My Love Letter To Morocco, The Place That Feels Like Home
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My Love Letter To Morocco, The Place That Feels Like Home

How can I put my feelings into words?

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My Love Letter To Morocco, The Place That Feels Like Home
Addie Huthwaite

There is no way to describe Morocco.

The culture, food, people and experience need adjectives that do not exist in any language. Throughout my life, I have had this desire to travel the entire world but Morocco changed that. Normally, I finish one trip and start thinking of where to venture to next, but there is nowhere else I want to go before I can see Morocco again.

Morocco has changed me in the best way. But this change has made it impossible for me to be truly happy in the US. There will always be a part of me missing and the only way I can be whole again is if I go back home to Morocco.

How do you explain this feeling?

It feels like I lived in Morocco in my past life. As soon as I landed in Casablanca I felt like I could breathe for the first time, like my life had just begun. My heart felt whole and it seemed like everything else disappeared. I wasn’t counting down the days until I left because it felt like we were there for years, for a lifetime. I forgot that this wasn’t actually my home and that I would have to say goodbye.

How do you explain the smells of spices and the craziness of markets to someone who has never experienced it?

Sure, you could shove turmeric in their faces but it isn’t the same. Markets in Morocco are filled with too many spices to count and aromas that you cannot describe. But the feeling of being in a Moroccan market is even harder to explain. Your heart is racing and your mind is tirelessly trying to make sense of everything your eyes are seeing. With 9,000 streets to wander down, there are endless things to explore and see. There are so many smiling children and hard workers everywhere and it is like nothing I have ever experienced in my life.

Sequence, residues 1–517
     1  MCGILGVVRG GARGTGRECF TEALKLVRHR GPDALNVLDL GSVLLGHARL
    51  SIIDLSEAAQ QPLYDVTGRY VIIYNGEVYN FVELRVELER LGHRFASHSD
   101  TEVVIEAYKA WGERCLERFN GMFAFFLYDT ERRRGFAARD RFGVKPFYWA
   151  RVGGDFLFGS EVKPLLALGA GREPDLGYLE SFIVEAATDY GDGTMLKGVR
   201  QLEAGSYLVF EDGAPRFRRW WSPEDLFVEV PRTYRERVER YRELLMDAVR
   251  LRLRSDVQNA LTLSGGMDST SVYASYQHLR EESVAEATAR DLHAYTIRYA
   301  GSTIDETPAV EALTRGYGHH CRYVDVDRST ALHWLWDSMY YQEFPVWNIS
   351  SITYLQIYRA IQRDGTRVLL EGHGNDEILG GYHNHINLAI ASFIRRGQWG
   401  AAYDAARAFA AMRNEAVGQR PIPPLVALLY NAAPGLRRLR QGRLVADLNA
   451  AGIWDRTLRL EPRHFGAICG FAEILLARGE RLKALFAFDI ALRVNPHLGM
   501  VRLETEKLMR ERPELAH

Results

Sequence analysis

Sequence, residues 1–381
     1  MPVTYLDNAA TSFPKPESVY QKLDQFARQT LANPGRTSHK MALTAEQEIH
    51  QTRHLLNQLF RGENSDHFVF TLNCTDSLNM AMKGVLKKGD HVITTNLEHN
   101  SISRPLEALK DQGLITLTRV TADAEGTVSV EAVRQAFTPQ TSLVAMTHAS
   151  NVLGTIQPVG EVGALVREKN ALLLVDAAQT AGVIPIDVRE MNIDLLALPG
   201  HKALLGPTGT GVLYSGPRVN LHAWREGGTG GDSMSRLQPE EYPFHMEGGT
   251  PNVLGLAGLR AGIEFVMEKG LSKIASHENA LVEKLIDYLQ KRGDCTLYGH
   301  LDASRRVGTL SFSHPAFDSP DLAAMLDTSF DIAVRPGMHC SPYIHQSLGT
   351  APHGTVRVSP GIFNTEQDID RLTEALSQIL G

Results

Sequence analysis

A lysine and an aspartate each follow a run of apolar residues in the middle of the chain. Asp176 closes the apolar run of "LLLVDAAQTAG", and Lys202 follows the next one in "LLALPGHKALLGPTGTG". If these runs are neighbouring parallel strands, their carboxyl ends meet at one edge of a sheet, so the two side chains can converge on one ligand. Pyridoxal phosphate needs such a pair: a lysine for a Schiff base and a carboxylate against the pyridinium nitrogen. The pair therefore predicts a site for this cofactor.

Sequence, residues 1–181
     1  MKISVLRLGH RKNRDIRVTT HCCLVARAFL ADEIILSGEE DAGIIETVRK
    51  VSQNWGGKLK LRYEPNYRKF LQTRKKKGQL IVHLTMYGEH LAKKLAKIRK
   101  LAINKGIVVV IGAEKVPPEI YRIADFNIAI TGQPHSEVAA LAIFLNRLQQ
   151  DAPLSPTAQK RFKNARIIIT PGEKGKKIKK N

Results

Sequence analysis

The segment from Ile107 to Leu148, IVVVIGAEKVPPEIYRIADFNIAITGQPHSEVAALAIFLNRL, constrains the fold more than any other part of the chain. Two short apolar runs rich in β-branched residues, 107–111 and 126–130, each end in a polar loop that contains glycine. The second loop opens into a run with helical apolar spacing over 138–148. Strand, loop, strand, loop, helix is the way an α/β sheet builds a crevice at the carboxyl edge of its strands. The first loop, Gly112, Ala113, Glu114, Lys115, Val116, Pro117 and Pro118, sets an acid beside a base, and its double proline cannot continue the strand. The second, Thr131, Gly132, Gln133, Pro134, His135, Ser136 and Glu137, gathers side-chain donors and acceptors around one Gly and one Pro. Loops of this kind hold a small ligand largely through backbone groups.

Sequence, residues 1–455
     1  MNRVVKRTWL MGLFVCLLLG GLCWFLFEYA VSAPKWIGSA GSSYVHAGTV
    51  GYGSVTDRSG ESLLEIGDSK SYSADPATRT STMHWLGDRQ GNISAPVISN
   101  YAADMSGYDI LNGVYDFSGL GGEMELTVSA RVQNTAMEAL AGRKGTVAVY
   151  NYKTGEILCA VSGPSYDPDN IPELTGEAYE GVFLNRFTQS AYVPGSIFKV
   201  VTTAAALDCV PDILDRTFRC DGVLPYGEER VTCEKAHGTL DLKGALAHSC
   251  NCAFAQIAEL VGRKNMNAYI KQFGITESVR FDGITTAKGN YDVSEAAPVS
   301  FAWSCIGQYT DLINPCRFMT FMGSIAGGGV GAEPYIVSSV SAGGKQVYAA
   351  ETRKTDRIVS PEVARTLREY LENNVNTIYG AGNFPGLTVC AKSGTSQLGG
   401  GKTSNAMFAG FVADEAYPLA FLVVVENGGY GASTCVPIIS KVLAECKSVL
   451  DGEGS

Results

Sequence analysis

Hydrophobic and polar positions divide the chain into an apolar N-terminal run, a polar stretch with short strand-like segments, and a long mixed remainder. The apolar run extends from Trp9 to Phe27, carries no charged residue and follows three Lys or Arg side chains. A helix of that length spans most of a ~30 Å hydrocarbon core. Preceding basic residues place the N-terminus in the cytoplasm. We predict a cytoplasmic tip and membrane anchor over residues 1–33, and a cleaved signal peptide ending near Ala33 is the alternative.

While most Moroccans speak some English, there is still a language barrier but I totally forgot about it. For example, our bus driver did not know any English, but during the breaking of the fast during Ramadan, he shared his food and a smile with me. We did not need to exchange words because sharing a meal gave us a very special connection. Another instance was in the hammam which is a public bathhouse. I was completely naked in a steam room of naked strangers, but I felt completely comfortable. One girl around my age was helping to show me the proper way to scrub and wash.

With eye contact, pointing and some giggles we were able to build a friendship for the time we sat there. It felt as if I could have life-long friendships with these people without ever saying a word and that is the most powerful connection I have ever felt.

Moroccans are so welcoming and kind.

When we had the opportunity to eat in our guide’s home, his mother and sister served the most beautiful meal and we all ate with our hands. We all laughed and raced to eat as much as we could before we popped, then we ate more! Food is definitely the love language of Morocco and I am all for it!

The worst thing anyone could do is to compare Morocco to America.

They are two different worlds! Morocco is perfect for anyone who is completely open minded and ready to try new things. You never know what to expect when you are traveling in Morocco, so throw your itinerary away because new adventures will pop up around every corner.

Two weeks was enough time for me to fall in love with Morocco and everyone I met there, but it wasn’t enough time for me to be there. I am positive I will visit again and hopefully call Morocco home. Morocco has changed me for the better and now I know I will never be as happy and fulfilled anywhere else in the world.

Shukran Morocco, I will see you soon.

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This article has not been reviewed by Odyssey HQ and solely reflects the ideas and opinions of the creator.
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